I guess technically this was my first outing to capture the Milky Way (if you don't count my Night Sky Practice outing). I had been racking my brain for something interesting to have in the foreground... underneath the Milky Way, so to speak. Preferably something unique. Places like Skull Rock and Arch Rock have been photographed hundred of times (more likely thousands of times). They get crowded, and who wants to replicate a photo that's been taken a gillion times anyway? I needed a spot away from the highway and car lights, and preferably with some hills in the background to reduce light pollution from the cities south of Joshua Tree National Park. And of course, it has to be something you can view while shooting south (since the MW is in the southern sky).

Then it hit me... what about Samuelson's Rocks?? I know at least some of the rocks are facing the right direction for a MW shot, and there are hills in the background that might block some of the light pollution. It's about 1.5 miles off the highway, so it should be plenty dark. The only problem might be the small size of the rocks. It would take some careful composition and focus to get decent shots, but in my opinion, certainly worth a try.

I googled "Samuelson's Rocks Milky Way" and got nothing. Nada. I tried "Samuelson's Rocks Night Sky" and got a couple examples of photos taken under the stars during a full moon out at the Rocks. That made things even more interesting. If there are any shots of the MW over Samuelson's Rocks, google couldn't find them. Who knows, maybe this would be a first!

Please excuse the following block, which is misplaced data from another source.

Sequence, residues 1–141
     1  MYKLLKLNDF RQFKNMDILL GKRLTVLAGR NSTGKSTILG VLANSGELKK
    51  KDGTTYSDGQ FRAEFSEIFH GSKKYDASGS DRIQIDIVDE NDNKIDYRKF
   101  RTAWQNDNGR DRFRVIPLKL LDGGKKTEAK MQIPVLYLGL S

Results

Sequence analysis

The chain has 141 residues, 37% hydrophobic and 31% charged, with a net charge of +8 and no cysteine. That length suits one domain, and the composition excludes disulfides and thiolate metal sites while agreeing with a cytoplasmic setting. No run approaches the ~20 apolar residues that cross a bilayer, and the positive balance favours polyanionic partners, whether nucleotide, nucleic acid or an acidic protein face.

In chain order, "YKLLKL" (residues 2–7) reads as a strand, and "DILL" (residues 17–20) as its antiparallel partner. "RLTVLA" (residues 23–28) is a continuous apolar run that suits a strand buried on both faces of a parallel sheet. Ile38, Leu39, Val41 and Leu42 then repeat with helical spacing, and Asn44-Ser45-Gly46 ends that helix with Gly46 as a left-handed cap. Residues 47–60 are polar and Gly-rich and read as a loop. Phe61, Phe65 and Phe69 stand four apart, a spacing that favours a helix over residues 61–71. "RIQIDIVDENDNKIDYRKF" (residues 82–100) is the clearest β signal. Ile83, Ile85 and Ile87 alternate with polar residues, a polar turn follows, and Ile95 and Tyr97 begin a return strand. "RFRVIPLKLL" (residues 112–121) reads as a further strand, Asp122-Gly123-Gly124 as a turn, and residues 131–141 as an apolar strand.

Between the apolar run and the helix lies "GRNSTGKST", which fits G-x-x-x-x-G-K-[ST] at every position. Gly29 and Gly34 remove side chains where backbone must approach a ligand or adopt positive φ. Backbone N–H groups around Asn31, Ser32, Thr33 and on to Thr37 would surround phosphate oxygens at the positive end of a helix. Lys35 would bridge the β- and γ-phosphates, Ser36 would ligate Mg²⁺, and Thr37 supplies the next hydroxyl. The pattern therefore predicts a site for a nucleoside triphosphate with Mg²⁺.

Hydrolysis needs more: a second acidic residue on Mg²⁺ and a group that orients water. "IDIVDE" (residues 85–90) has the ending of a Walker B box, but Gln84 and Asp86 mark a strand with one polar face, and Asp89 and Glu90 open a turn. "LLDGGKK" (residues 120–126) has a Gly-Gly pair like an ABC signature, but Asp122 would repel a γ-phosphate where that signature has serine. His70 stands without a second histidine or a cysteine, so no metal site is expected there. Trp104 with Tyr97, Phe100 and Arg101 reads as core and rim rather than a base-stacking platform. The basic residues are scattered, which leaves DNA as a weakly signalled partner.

John Samuelson was a Swedish immigrant who was one of the more colorful (some might even say crazy) characters of what is now Joshua Tree National Park. He told some tall tales that were so wild and interesting that Erle Stanley Gardner (of Perry Mason fame) paid him a fee to use his life story in a future book (which he eventually did). In his spare time, Samuelson chiseled his thoughts on some rock faces in the area where his homestead cabin was once located. But I digress...

I had one additional thing bothering me. I was prepared to hike out to the rocks on my own, but I would much prefer to go with someone experienced at night photography and navigation. I've done almost no hiking by headlamp, and the hike out to the rocks is across open desert (no established trail). As luck would have it, a "virtual" friend (JL) emailed me about hiking together sometime. Perfect! So we met up near the start of the hike, and off we went!
A typical summer day. A little hot for a hike (high of 103), but things would be a little cooler after sunset and at the higher elevation in the Park. We planned our hike so we would arrive at Samuelson's Rocks about an hour before sunset. That would give us plenty of time to scout around the rocks and locate some that are oriented correctly for MW shots.